Combining forces, two large scale EU projects, EuMon and EU BON, are set to compile the largest data collection on biodiversity monitoring activities in Europe to date. Using existing biodiversity data and metadata collected by the two projects, the initiative is a stepping stone in completing a comprehensive European Biodiversity Portal. The projects now call out to monitoring programs across the Old Continent and beyond, to join in, provide information about their schemes and share their expertise for the cause.
For its life span between 2004 and 2008 the project EU-wide monitoring methods and systems of surveillance for species and habitats of Community interest (EuMon) created Europe's most comprehensive metadata catalogue of biodiversity monitoring activities.
Started in 2012, the five-year project Building the European Biodiversity Observation Network (EU BON) has been working towards building a new European Biodiversity Portal where this information is collected, highlighted and widely shared for future research and applied biodiversity conservation. The beta version is now all set up and available to test here.
To answer knowledge gaps since the project has ended in 2008, the original EuMon monitoring meta database is being further expanded with new information on data availability and access, as well as with new remote sensing data. Previously underrepresented, the marine realm is now also included in the EuMon collection.
"Monitoring data has received a central stage in recent years, a process largely facilitated by the instalment of the Intergovernmental Platform on Biodiversity and Ecosystem Services (IPBES). However, while knowledge about monitoring efforts is important, we still miss a large variety of available programs and biodiversity data", explains EuMon's Project Leader Prof. Dr. Klaus Henle, Helmholtz Centre for Environmental Research - UFZ.
"We, therefore, currently aim to increase and update the number of monitoring programs in the EuMon catalogue, as the catalogue still covers less than half of all existing programs in Europe", adds EuMon Project Coordinator, Dirk Schmeller, UFZ.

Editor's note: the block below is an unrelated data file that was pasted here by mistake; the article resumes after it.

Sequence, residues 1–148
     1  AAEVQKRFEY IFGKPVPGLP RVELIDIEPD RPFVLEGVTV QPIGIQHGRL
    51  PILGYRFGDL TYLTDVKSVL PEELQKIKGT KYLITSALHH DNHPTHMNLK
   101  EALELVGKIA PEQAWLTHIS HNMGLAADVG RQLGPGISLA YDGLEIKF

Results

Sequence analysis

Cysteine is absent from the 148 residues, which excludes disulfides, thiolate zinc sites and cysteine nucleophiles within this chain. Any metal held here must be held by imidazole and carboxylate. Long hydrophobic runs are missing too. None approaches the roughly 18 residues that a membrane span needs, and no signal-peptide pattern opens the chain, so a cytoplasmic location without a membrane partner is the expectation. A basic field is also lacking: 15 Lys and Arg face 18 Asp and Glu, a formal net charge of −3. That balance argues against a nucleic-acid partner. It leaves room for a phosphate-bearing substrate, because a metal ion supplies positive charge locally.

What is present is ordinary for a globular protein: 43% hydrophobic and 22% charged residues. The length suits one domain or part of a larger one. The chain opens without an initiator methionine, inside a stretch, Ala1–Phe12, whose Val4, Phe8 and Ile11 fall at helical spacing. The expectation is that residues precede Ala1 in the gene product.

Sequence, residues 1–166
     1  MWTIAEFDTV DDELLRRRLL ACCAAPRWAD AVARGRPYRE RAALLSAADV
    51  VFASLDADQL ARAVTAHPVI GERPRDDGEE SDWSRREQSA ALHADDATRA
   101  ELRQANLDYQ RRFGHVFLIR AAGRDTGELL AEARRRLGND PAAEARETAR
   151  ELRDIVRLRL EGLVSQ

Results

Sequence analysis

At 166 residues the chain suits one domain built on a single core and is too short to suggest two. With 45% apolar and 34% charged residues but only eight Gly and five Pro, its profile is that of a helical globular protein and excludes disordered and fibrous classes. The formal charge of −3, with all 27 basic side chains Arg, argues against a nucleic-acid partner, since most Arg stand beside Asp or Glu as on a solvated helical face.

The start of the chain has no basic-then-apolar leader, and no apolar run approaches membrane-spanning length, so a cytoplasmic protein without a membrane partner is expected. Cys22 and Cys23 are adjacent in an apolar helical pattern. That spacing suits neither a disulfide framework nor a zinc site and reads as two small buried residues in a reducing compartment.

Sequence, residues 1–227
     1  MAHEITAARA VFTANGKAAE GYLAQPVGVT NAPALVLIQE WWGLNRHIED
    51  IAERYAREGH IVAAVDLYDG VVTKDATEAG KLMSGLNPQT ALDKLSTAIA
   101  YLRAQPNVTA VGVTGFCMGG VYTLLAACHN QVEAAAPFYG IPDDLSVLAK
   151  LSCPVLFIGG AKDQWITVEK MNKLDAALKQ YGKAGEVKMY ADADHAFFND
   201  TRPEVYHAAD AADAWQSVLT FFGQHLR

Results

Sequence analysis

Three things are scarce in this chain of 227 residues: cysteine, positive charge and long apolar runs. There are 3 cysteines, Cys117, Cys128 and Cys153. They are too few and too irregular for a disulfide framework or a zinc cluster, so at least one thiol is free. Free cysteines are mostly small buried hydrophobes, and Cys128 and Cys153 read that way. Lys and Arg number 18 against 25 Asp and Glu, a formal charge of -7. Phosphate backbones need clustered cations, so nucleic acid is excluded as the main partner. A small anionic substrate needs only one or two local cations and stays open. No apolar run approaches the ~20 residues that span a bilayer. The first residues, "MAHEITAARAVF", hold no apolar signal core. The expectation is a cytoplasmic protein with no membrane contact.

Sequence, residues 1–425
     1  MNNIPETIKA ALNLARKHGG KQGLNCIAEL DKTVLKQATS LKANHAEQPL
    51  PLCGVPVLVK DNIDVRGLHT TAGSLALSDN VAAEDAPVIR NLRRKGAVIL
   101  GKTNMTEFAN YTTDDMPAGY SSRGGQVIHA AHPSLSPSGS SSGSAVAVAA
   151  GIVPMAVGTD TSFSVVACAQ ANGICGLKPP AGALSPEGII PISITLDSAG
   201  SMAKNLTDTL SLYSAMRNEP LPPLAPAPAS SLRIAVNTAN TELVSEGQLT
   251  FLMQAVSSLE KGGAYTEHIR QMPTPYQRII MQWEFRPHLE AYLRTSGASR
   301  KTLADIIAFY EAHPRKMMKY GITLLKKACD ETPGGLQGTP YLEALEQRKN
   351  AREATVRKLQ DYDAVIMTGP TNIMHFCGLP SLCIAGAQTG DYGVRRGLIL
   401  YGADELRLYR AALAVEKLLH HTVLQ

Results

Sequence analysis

In a joint initiative EuMon and EU BON are now looking to create the opportunity for monitoring program coordinators to publish their data by using the data publishing service of the EU BON portal (data embargos also possible).
The service will provide all interested parties with a professional database platform with a large amount of implications. For example, coordinators can receive information about related monitoring programs in different countries. Initiatives could integrate their data and compare the trends and status across different countries and regions. Volunteers can find contacts about schemes in their regions they may consider to join.
Using the data publishing service of EU BON will also facilitate data sharing with the Global Biodiversity Information Facility.
"The ultimate goal of EU BON is to build a comprehensive European Biodiversity Portal that will then feed into a Global Portal currently developed by GEO BON. This initiative will provide a completely new holistic way for analyzing global trends and processes. We invite projects from across Europe to publish their datasets via the European Biodiversity Portal and become a part of this one-of-a-kind initiative", concludes Dr. Hannu Saarenmaa, University of Eastern Finland and Work Package leader in EU BON.
How to take part:
To access the EuMon database, please visit http://eumon.
You will find further information about the EuMon project and the databases that is created at http://eumon.
To learn more about EU BON, its tasks and work so far, and the Biodiversity Data Portal, please visit http://eubon.
Dr. Klaus Henle
Dr. Dirk Schmeller
Dr. Hannu Saarenmaa